How to manufacture woven polypropylene bulk bags

Synthetic polymer advancements over the years have given rise to new materials with a wide range of applications. Polypropylene (PP) is one such polymer that has proven especially useful in the packaging industry. Bulk bags are made from various elements that help to improve usability, safety and durability. The production process begins with PP pellets which go through an extrusion process to ensure the best quality for consumers.

Step 1: Extrusion

The raw materials (PP, calcium and UV-inhibitors) are combined and melted together before being extruded into long tapes by the extrusion machine. During this process, the PP tapes are regularly checked for quality and durability. These tapes are wrapped around large bobbins before progressing to the next process.

Step 2: Weaving the PP tape

The bobbins of PP tape are loaded onto massive weaving looms, where the bulk bag’s entire structure is woven into formation. This composite material of PP tape is highly resilient and weighs between 65 and 240 grams per square metre. The fabric is also absorbent, enabling moisture transfer through the weave.

Step 3: Optional waterproofing

If a company needs waterproof bulk bags, the woven fabric is exposed to an additional process in which a special laminate coating is applied. This coating prohibits moisture penetration from spoiling water-sensitive granular goods. This process is just one clear example of the adaptability of the bulk bags to the needs of consumers. Since regular, uncoated PP fabric is breathable, it is unsuitable for items such as sugar and salt, which should never be exposed to water, including moisture in the air.

Step 4: Cutting and pressing

Whether or not the woven PP fabric has been treated for moisture, it is placed into the cutting machine and trimmed to precise sizes, based on the customer’s needs. This automated cutting tool uses a stamping technique to cut all of the individual components. The cutting machines are extremely precise. After the cutting and trimming process, the next stage is printing and finishing.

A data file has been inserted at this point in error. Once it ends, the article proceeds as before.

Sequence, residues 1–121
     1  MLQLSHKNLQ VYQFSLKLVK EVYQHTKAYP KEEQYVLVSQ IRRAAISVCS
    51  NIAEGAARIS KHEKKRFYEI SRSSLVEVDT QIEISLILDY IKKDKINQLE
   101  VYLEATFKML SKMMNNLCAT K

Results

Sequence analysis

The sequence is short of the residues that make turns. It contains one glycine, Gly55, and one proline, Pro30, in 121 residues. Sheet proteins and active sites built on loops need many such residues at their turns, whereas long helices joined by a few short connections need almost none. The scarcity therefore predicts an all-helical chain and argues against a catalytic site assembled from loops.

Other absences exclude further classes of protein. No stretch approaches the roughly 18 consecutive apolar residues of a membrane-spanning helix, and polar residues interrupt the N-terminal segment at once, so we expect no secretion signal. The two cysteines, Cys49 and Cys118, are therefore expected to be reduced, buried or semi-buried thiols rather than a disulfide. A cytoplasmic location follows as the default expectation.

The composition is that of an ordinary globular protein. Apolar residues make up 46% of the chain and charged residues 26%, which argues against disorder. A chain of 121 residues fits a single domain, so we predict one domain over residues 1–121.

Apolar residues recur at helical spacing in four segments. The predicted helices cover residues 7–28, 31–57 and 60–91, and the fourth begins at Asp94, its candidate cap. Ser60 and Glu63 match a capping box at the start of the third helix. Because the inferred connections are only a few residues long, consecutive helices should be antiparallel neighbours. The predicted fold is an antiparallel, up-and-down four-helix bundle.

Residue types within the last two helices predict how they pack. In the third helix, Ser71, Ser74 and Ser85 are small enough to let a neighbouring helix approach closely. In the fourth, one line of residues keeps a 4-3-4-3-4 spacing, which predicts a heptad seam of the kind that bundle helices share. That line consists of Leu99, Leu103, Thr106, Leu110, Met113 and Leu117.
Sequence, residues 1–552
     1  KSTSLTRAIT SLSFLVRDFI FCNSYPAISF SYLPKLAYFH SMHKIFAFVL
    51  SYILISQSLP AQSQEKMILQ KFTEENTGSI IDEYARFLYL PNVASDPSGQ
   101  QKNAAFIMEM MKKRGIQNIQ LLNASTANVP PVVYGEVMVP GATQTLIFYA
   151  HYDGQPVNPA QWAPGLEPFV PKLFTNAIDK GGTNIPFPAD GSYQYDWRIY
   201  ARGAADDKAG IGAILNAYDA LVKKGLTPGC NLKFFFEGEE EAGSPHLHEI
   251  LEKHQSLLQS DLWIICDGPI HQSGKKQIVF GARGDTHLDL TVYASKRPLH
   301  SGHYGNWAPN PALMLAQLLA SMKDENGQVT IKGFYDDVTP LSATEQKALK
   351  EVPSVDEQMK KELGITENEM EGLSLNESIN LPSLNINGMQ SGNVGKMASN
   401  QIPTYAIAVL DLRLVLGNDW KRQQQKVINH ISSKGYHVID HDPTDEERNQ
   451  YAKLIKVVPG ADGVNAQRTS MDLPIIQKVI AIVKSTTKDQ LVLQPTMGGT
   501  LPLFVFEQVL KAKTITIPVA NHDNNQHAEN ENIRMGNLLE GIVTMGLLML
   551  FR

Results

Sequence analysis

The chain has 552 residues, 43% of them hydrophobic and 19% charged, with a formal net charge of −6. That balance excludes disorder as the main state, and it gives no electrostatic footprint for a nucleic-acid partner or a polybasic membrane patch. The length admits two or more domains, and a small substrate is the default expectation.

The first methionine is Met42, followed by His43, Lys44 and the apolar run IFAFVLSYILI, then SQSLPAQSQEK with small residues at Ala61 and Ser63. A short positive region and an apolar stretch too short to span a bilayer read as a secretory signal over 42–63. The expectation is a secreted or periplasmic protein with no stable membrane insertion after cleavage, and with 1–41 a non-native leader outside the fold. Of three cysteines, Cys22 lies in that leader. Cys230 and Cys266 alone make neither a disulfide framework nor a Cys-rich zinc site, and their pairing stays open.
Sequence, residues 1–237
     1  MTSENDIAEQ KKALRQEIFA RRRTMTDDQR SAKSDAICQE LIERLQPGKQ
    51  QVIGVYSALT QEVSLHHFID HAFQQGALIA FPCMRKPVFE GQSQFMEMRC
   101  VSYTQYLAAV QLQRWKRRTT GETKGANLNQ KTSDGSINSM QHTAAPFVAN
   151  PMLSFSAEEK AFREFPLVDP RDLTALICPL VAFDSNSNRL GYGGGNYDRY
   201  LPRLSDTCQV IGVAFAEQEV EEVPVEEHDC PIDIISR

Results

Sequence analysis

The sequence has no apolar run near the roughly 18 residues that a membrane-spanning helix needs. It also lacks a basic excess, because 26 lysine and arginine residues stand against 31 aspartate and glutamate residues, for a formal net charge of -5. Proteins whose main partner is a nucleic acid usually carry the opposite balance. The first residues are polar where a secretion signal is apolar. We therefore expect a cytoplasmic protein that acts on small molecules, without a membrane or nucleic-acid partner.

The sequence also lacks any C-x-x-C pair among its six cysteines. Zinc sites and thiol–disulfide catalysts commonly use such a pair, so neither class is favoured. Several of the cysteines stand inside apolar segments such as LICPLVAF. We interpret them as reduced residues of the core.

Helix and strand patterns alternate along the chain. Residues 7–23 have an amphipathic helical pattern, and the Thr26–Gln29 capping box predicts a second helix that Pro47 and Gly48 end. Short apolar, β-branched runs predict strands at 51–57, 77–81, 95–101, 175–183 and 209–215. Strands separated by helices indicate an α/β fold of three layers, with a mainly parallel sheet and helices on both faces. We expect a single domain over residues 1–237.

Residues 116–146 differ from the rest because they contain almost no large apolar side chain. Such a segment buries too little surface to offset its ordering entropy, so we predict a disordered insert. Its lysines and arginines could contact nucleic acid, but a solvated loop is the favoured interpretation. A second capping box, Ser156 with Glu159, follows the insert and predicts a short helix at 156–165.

Step 5: Printing and finishing

The PP fabric is fed into a printing press if a customer wants their logo, contact or safety information displayed on the bag. The printing is often done directly on the cut pieces of PP fabric using specialised printing presses. Most bulk bag manufacturers can print in Pantone colours and match the branding of a company.

Step 6: Straps and handles

The straps used to lift the bulk bags are sewn directly to the fabric. Larger PP tapes are woven together on needle looms to form webbings, which are cut to a particular size and stitched to the bag using high-strength, industrial cotton for added durability. This forms the lifting straps of the bags, which can be fed through a forklift to support the weight of the contents.

Step 7: Sewing and assembly

Tailors bring together and stitch the fabric panels, webbings, spouts and duffle components that collectively form each bulk bag. They use industrial sewing machines and high-strength needles to assemble the pieces of the bulk bags. 

Step 8: Quality control and testing

Trained supervisors thoroughly inspect the bags to ensure there are no flaws. After this, selected bags from each batch are tested for endurance, durability, and reliability. This process ensures that each bag meets the customer’s expectations and safety requirements. Bulk bags that pass quality inspection are compressed and organised into batches for packaging. The bags are wrapped and made ready for shipment. 


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Written by Kate Hawthorne

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